Chasing the Fugitive
Scrapbook and journaling suppliers in particular seem to have responded well to the archival needs involved. Acid free papers, adhesives and mediums abound but there is still a big gulf where fugitive colors are concerned. Paper crafters have the luxury of not needing to worry about this much. Exhibiting art and prolonged light exposure is likely low on their “caution” priority list. But with so many new alluring dye-based mediums surfacing, any artist hoping to hang or exhibit work needs to be very careful of the mediums they incorporate. Dye-base mediums are the absolute worst in terms of fugitive colors. Pigmented mediums in the craft market exist but there aren’t nearly so many as you might think. Many illustrators fluent in using Copic or Prismacolor markers are not new to the concern over dye-based mediums, even experienced studio and gallery artists may tell you first hand, its no fun to see your precious artwork vanish before your very eyes after hanging on a well-lit wall for a few years.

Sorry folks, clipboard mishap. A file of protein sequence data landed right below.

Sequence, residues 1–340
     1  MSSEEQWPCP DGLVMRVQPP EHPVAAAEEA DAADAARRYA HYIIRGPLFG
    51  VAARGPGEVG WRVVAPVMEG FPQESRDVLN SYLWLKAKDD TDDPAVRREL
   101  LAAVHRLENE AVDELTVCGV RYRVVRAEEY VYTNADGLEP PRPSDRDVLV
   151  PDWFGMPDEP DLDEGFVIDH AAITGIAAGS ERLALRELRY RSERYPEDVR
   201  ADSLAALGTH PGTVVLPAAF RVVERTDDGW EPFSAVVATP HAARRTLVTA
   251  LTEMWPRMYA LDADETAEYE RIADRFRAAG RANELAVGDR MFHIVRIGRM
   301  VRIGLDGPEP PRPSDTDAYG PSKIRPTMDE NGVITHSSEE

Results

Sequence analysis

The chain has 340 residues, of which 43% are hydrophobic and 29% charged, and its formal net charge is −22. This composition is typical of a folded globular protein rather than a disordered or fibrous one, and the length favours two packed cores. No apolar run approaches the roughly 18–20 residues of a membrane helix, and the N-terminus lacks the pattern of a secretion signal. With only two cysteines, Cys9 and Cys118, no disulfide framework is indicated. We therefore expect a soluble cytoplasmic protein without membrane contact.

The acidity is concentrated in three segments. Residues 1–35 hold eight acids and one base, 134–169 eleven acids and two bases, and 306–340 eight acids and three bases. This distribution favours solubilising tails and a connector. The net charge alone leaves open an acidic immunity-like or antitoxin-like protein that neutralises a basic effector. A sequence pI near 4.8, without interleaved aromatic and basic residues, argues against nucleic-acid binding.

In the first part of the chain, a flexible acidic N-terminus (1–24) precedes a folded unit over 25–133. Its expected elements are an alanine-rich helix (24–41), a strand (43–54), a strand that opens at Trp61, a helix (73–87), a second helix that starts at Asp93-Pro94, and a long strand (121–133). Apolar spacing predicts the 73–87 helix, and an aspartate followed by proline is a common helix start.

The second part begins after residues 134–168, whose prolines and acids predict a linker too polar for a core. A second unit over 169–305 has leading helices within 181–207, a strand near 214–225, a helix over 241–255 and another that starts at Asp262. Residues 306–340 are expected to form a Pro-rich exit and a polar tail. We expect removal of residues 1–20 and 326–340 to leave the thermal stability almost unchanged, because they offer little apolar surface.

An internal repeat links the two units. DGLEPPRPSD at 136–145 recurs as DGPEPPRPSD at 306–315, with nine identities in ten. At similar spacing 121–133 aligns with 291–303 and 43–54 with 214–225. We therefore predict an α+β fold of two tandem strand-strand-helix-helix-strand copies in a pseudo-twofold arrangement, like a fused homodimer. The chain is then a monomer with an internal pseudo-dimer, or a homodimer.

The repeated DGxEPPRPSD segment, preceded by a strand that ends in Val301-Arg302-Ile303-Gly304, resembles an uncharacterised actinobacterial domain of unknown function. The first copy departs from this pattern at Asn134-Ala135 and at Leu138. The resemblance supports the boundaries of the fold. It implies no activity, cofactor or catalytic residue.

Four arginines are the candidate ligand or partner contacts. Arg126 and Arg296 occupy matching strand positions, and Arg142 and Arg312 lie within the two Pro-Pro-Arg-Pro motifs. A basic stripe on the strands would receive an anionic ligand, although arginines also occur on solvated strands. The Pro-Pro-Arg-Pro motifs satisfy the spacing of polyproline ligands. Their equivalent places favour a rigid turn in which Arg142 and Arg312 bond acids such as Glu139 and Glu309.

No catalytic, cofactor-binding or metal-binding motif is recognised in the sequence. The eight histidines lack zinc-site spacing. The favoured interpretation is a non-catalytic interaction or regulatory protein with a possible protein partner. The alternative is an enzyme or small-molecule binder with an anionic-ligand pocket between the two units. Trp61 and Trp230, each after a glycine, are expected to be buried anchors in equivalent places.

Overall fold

Without doing a ton of research (for which I have no time), I thought maybe it better to just point you to some good reads where the work has already been done, by people who know where of they speak. Yeah, I’m just lazy that way. So, if your art will ever be displayed, read on and think carefully (think pigmented and archival) before you go including that cool new set of watercolor markers, powders or sprays in your next painting.
One of my favorite re-enactment events in the Upstate, SC area is Festifall at Walnut Grove Plantation. To see more of this event I have a post with pictures here.
Many of the photos I take at these events eventually become reference for paintings. Here is one of my latest watercolor paintings entitled “The Muster” using reference from the Walnut Grove event. Enjoy.
A recent watercolor I did. This reflects several elements I wanted to play around with. First of all, I love to illustrate historical subjects and historical figures. My reference was a black and white photo taken of Roosevelt and Churchill at a summit meeting near the end of World War II. In this case I wasn’t fussy about likenesses. I focused more on technique and style. I wanted to reinterpret the scene in color but with a very limited pallet. I really love this approach and will definitely do more work from a limited pallet.